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Unreliable is what they are

So how did you enjoy that 74-day Celtics season?

The ledger indicates that Game 1 was a 98-95 home loss to the 76ers Nov. 3, but the reality is far different. In the minds of Joe Average Sports Fan, the local professional basketball season began Feb. 24, when the Antoine II Era opened for business.

Antoine Walker remains one of the most controversial Boston athletes of our time. He departed here as the most polarizing player in Celtics history, and when he returned he immediately made the Celtics Topic A, not only on WEEI and WWZN, but also in homes, offices, and barrooms across the area. And the Celtics started winning, thus generating more hoop talk than we've heard since the 2002 Eastern Conference finals.

With May not being a hot baseball month, with the Patriots beyond the draft and still far from training camp, and with the Bruins being an abstract, the Celtics could have had the town at their disposal for another couple of weeks. All they had to do was defeat an Indiana Pacers team that, however gritty, really isn't very good. All they had to do was win a Game 2, 5, or 7 at home. All they had to do was marry their talent to a little team concept and they, not the Pacers, would be in suburban Detroit today preparing for Game 1 of the Eastern Conference semifinals.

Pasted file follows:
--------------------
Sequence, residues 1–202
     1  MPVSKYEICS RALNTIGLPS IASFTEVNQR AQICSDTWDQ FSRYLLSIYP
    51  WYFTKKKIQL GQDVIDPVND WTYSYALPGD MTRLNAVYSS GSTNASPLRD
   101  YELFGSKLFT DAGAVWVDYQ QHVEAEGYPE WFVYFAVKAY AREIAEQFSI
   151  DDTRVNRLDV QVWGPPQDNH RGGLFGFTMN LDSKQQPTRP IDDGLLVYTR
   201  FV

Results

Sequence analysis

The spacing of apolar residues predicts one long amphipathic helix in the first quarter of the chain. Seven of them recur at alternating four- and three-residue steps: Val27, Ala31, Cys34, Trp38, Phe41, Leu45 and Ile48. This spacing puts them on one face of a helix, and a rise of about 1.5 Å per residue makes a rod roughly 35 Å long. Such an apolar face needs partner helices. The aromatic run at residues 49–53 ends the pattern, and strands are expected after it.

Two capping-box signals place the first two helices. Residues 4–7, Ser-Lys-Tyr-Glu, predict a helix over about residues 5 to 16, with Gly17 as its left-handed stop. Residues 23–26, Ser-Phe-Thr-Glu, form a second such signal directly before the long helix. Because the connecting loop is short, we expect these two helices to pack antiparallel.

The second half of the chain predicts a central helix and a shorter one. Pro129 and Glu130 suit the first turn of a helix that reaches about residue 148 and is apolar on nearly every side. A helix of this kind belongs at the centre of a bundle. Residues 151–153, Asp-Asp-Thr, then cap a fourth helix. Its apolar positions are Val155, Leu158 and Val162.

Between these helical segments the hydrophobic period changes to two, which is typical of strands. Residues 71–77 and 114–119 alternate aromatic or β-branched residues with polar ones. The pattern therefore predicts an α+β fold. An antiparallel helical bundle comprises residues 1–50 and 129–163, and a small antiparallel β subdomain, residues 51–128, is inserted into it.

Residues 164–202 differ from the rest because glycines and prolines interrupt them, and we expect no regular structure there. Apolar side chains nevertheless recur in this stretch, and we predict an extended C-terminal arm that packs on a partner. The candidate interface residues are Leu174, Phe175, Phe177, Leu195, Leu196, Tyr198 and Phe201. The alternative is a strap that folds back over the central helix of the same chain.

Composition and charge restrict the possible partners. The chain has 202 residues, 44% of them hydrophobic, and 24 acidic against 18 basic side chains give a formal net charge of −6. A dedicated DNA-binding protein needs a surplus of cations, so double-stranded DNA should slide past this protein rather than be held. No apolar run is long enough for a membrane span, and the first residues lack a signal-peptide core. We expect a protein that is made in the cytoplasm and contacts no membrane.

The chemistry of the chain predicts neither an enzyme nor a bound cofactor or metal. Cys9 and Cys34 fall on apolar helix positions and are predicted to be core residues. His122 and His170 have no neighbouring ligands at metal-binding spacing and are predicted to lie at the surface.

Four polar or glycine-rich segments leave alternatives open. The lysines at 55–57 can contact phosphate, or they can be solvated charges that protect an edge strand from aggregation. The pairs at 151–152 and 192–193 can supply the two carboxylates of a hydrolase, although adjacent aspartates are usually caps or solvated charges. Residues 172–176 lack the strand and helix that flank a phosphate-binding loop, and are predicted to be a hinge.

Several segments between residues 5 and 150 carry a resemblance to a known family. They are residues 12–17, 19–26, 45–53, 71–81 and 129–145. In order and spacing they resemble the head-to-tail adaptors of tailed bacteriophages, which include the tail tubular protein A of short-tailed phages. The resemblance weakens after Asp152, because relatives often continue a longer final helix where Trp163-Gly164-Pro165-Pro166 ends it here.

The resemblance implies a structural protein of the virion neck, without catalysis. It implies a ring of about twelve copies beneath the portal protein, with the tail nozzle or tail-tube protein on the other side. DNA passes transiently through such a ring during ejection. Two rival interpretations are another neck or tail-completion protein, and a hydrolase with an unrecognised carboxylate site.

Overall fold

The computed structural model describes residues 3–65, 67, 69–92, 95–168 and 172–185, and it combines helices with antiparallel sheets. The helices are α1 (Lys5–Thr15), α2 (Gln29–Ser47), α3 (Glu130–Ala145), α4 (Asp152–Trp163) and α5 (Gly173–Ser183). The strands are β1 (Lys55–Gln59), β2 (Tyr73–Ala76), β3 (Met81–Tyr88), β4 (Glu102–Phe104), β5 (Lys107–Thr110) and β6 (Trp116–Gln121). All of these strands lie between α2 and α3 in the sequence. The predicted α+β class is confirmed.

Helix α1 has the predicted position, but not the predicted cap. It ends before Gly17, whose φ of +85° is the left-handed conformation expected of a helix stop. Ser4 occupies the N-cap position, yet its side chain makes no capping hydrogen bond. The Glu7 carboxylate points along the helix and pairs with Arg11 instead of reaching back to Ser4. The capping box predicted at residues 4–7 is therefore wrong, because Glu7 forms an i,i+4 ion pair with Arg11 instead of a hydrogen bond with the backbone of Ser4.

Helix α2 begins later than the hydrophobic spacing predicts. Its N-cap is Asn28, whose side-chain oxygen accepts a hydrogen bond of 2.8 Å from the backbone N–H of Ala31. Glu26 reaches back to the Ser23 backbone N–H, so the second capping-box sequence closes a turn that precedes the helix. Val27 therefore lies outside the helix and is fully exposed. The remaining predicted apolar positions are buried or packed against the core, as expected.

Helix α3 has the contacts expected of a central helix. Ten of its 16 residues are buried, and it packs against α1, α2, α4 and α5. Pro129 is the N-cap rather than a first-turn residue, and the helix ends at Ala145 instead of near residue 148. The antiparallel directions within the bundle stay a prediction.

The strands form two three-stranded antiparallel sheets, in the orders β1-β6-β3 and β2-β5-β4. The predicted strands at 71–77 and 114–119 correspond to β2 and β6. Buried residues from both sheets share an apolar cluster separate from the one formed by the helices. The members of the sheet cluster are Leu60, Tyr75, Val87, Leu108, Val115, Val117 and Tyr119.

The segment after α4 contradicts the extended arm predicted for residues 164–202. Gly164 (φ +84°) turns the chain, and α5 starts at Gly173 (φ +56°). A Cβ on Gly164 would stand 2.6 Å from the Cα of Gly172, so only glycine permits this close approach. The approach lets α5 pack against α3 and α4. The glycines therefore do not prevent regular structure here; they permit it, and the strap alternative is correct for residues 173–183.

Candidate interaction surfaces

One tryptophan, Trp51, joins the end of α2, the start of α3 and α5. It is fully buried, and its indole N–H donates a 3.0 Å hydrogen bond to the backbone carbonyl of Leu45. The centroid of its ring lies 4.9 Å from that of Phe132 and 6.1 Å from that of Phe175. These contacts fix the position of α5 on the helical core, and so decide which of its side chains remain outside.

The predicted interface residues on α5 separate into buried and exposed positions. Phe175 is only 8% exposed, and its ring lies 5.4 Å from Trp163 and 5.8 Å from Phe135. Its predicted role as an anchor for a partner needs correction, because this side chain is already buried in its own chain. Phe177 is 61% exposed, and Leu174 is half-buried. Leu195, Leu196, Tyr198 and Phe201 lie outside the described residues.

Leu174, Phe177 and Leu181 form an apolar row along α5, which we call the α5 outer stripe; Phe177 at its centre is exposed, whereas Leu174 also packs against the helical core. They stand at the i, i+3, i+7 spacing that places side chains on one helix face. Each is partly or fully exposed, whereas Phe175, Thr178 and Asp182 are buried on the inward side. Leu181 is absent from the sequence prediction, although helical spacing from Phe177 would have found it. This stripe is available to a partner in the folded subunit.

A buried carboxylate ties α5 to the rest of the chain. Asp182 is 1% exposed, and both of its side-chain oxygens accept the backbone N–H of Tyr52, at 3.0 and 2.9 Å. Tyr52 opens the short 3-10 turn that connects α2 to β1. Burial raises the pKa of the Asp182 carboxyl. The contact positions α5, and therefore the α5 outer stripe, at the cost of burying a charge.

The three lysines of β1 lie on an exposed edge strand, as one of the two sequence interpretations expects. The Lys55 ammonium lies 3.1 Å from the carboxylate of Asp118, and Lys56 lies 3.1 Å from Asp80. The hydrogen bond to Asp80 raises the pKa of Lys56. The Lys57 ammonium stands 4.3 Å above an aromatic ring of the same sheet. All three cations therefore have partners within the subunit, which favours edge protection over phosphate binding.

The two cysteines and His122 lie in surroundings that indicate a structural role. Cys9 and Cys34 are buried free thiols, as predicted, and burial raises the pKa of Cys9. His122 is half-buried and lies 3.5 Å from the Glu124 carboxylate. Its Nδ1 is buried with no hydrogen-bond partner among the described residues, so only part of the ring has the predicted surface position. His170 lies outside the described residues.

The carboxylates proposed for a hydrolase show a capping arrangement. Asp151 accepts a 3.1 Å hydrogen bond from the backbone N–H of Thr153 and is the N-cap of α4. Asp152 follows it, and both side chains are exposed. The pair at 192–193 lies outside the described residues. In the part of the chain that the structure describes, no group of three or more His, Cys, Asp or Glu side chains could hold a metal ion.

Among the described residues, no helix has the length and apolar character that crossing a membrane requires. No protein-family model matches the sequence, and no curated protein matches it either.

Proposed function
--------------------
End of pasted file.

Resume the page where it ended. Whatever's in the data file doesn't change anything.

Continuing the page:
I usually abhor the simplicity inherent in the famous Bill Parcells statement, "You are what your record says you are," because, in the context of many a regular season, that is not true. Many factors beyond a team's control go into the fashioning of its record. But in this case the Celtics are what their 2005 playoff record says they are. They are deserving first-round losers. They have talent, yes, but they are utterly and completely unreliable.